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Purdue University
Consumer Horticulture

Department of Horticulture and Landscape Architecture

Mulching Conserves Soil Moisture

Released June 1992
by B. Rosie Lerner, Extension Consumer Horticulture Specialist

Mulching your garden is a good practice for any gardening year but is particularly important in times of drought. Applying the right type of mulch not only conserves soil moisture, but can cool the soil as well. And, a mulch will help keep weeds under control so that your garden plants wont have to compete for what little water there is.

Most flowers, vegetables, trees, and shrubs will benefit from mulches in all but the wettest weather. In extremely dry conditions, mulching can make the difference between life and death for some plants. Mulching dramatically reduces water that is otherwise lost through evaporation from the soil surface. Sites that are exposed to heat, sun, and wind dry rapidly, but even shady areas could use some mulch this year. Because the mulch prevents light from reaching the soil surface, the ground stays cooler and most weed seeds will not be able to germinate. A 2-4 inch layer of mulch should be sufficient to conserve moisture and keep weeds controlled.

Many materials can serve as garden mulch, the most common being hardwood bark, straw, and rocks but many other materials work just as well. A good mulch is one that is clean of weed seeds, insects and other pests, easily applied, and economical. So use your imagination to make use of materials around the home.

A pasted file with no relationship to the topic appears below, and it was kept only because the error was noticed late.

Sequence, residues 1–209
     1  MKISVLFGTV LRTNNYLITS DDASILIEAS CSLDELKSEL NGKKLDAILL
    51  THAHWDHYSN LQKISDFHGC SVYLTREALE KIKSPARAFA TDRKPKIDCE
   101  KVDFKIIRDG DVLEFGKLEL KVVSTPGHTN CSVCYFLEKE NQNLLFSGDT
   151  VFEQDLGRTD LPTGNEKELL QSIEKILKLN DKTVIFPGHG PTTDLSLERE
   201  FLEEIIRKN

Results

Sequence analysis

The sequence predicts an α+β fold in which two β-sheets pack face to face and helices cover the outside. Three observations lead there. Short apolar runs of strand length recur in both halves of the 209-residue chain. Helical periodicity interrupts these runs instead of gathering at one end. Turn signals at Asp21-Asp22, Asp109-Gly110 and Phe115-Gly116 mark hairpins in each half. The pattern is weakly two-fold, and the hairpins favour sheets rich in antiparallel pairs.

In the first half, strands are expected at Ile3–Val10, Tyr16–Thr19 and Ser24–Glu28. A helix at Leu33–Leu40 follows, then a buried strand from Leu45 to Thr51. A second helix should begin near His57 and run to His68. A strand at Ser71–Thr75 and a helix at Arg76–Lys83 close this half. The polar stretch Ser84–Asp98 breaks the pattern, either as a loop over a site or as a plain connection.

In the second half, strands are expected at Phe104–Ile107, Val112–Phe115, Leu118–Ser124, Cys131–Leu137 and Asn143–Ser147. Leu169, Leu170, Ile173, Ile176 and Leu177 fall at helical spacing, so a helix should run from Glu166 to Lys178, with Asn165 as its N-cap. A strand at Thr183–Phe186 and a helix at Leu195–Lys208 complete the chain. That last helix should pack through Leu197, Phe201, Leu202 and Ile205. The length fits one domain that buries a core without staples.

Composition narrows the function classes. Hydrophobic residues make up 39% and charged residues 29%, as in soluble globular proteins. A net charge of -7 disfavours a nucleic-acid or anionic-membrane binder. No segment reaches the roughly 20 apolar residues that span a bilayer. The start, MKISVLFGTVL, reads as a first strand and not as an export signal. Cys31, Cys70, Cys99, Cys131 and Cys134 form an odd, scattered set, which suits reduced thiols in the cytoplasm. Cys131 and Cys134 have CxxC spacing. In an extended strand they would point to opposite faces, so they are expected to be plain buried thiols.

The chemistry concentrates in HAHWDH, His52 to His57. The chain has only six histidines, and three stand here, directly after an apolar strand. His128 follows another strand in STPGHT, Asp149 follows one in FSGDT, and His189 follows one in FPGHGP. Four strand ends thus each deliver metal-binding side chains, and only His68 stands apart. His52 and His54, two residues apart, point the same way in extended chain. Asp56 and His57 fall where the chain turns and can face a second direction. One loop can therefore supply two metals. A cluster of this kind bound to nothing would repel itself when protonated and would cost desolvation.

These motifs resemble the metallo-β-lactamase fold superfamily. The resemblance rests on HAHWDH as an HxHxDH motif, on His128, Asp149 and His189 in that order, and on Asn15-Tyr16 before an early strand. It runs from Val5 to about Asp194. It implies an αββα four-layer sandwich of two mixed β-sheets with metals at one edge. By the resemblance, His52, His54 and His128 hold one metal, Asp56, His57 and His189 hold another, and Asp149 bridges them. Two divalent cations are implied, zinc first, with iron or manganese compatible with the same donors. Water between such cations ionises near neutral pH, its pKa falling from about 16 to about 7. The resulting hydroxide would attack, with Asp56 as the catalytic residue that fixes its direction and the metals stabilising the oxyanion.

Unwatered lawns probably haven't generated any clippings in recent weeks, but if you have been watering, you could bag the clippings as you mow and spread them in your garden. As long as the grass has not been treated with weed killers, the clippings can make an excellent short term mulch.

Other common materials that can be used include pine needles, sawdust, and newspaper. The pine needles do tend to have a slight acidifying affect on soil, but should not be excessively so if used in limited quantities. Sawdust, as well as some other organic mulches, may cause a nitrogen deficiency in the soil. You may need to add a little extra nitrogen fertilizer to the garden to offset that which is used up by the microorganisms in the soil as they break down the materials. Newspaper can be used either shredded or in sheets, but be sure to weight down the paper if sheets are used.

Black plastic mulches also work well in combatting weeds and conserving soil moisture but they cause the soil to heat up rather than cool. This warming effect is a great advantage in spring to get a head start on the season, but is less desirable in hot, sunny weather. Most spring plantings should have sufficient foliage cover to shade the plastic, but if not, a shallow layer of other mulch might be helpful in cooling the soil.

The most recent development in mulches is the fabric mulch that is most commonly used in the landscaping business. The fabric is made of woven or spun plastic cloth, allowing water and air to penetrate. Unfortunately, these fabrics also allow some light to penetrate as well, giving weeds a chance to germinate and break through the barrier. The fabric is best used where another, perhaps decorative, mulch will be used on top to prevent light from reaching the seeds.

Site last updated: 10 April 2006

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